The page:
Climate of Reykjavik
Reykjavik’s weather is notably unpredictability. The sun may be blazing on a beautiful summer day one minute and then turn into a windy, rainy fall the next. Temperatures in Reykjavik are quite consistent: they don’t rise much in the summer and don’t fall far below zero in the winter. As a result, the seasonal fluctuations are minor in comparison to what individuals experience on either side of the Atlantic.
January is the coldest month and normally has some snow, although Christmas in December commonly has no snow on the ground. Summer is without a doubt the most popular season in Reykjavik. Many of them seem to believe their city is somewhat warmer than it is, and it doesn’t take much to encourage them to start wearing shorts and t-shirts or sunbathing in parks.
The primary issue with the weather in Reykjavik is the wind. The city is quite exposed to the ocean, and the winds may be fierce and cold to the bone. Windy areas are often cooler than those with greater cover.
Geography of Reykjavik
Reykjavik is in southwest Iceland. The coastline of the Reykjavik region is distinguished by peninsulas, bays, straits, and islands.
The Elliaá River is the biggest river that runs through Reykjavik and is impassable. It is one of the top rivers in the nation for salmon fishing. Mount Esja, at 914 m (2,999 ft), is the tallest peak in the Reykjavik area.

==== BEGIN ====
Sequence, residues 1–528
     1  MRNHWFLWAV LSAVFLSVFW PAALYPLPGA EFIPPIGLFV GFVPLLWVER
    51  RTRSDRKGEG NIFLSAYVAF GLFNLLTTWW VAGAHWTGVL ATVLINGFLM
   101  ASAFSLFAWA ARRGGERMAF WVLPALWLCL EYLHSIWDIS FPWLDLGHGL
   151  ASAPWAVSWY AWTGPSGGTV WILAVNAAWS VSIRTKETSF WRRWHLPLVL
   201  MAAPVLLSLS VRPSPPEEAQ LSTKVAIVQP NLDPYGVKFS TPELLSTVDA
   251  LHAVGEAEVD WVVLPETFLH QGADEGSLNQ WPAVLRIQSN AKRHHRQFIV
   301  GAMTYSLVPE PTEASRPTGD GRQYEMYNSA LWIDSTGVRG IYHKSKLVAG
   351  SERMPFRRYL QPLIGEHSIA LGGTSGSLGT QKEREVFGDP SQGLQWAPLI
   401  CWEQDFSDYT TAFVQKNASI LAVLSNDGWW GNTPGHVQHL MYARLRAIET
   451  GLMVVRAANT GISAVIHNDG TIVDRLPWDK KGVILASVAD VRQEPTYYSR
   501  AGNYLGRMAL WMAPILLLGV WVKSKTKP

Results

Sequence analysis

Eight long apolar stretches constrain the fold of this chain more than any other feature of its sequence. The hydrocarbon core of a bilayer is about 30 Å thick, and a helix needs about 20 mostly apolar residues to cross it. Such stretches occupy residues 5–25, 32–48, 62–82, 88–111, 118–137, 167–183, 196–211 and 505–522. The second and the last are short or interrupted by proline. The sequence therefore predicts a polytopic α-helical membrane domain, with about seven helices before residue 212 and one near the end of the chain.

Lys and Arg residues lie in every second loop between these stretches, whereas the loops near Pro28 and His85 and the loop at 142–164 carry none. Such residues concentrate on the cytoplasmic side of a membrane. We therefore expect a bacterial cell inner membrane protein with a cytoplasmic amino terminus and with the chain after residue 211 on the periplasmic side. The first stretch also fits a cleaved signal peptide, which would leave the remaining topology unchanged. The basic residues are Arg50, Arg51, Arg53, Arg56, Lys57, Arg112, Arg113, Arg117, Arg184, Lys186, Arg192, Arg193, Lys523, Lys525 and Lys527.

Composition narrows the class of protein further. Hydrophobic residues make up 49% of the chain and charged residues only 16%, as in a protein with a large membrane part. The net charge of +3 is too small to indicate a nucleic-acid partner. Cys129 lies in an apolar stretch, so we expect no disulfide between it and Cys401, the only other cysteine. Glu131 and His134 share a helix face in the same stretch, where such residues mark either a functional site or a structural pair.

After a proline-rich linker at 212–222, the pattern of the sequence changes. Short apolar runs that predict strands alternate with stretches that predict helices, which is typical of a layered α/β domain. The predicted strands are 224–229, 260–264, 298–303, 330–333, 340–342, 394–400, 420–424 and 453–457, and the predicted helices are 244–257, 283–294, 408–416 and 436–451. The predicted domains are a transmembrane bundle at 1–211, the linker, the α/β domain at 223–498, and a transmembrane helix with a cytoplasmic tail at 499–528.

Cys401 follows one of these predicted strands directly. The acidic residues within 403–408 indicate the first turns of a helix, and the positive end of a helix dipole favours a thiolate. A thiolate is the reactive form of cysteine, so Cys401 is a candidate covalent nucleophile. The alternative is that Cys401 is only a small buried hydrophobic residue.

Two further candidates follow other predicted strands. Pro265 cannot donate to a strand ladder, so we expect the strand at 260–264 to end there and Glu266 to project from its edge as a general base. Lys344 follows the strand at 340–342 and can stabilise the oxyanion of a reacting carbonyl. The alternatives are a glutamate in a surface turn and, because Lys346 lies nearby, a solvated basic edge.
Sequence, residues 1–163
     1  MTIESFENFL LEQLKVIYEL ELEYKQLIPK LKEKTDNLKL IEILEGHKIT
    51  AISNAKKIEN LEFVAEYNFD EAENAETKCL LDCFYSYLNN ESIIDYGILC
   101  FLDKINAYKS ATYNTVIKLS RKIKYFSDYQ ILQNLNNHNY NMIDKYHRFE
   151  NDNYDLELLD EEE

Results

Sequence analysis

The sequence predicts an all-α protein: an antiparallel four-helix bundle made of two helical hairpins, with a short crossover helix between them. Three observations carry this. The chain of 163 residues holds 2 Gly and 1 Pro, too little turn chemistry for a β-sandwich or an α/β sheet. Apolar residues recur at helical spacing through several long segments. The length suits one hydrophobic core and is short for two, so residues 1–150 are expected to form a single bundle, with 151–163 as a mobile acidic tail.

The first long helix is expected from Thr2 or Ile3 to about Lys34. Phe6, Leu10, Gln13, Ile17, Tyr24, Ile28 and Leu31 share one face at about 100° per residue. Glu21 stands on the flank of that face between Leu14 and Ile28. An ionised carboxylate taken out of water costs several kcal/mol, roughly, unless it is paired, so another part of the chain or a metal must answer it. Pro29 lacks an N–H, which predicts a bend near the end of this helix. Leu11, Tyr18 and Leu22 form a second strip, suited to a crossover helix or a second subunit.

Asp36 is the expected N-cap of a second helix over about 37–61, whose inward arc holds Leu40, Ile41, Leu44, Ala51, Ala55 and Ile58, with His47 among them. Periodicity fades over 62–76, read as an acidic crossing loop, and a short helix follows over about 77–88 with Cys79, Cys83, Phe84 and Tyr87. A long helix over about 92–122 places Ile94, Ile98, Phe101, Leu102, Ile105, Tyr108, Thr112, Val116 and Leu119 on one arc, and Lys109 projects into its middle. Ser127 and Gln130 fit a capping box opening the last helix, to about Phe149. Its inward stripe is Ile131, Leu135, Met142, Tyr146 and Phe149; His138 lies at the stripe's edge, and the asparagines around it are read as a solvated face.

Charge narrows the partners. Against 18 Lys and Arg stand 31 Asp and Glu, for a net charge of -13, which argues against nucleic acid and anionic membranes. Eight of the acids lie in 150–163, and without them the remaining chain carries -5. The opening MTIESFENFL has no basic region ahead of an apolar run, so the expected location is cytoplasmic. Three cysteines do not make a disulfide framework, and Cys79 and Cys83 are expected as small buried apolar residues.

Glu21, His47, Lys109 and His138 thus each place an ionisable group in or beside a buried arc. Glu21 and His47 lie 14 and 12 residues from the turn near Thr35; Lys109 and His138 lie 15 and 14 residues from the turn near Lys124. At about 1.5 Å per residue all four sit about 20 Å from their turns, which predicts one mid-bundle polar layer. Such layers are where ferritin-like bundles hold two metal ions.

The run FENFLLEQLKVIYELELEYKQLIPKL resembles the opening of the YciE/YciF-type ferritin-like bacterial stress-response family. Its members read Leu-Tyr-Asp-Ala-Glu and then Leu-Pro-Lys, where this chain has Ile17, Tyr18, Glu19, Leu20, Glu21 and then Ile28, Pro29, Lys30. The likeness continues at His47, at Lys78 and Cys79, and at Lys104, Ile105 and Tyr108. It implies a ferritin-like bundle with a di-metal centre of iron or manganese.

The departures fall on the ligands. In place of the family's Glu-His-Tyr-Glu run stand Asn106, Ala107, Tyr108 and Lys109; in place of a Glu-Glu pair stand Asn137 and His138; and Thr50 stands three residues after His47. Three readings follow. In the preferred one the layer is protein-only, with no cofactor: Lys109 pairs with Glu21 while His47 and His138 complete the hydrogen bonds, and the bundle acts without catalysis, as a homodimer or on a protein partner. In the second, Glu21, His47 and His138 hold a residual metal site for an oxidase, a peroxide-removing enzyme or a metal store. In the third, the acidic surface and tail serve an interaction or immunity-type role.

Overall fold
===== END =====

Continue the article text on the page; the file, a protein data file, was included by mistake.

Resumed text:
Reykjavik is largely situated on the Seltjarnarnes peninsula, although its suburbs extend far to the south and east. Reykjavik is a sprawling city: the majority of its metropolitan area is made up of low-density suburbs, and residences are often widely separated. The outlying residential communities are similarly far separated from one another, with major transportation arteries and a lot of open space in between.
Economy of Reykjavik
Over the previous decade, Reykjavik has been at the epicenter of Iceland’s economic development and subsequent recession.
The economic boom resulted in a significant surge in building, with huge redevelopment projects like as the Harpa music hall and conference center, among others, being completed.
Reykjavik was named the wealthiest city in the world by The Economist Group in 2007.
Internet, Comunication in Reykjavik
Reykjavik has decent mobile phone coverage (including 3G) and a variety of operators, the most prominent of which are Sminn and Vodafone. Most international SIM cards should function without issue, however it is always a good idea to verify with your mobile phone carrier before traveling. In Reykjavik, payphones are nearly non-existent.
Most cafés and even many bars in Reykjavik provide free Wi-Fi. If a password is necessary, just ask the staff. Partly as a result of this, internet cafés have nearly vanished, however GroundZero, Frakkastgur 8, is still open. Be advised that the majority of the clientele consists of gamers. One hour is 600 kr.
Though Icelandic is the official language, English is spoken pretty well by practically everyone you will encounter, so communication should be no issue. A Scandinavian language is also widely spoken.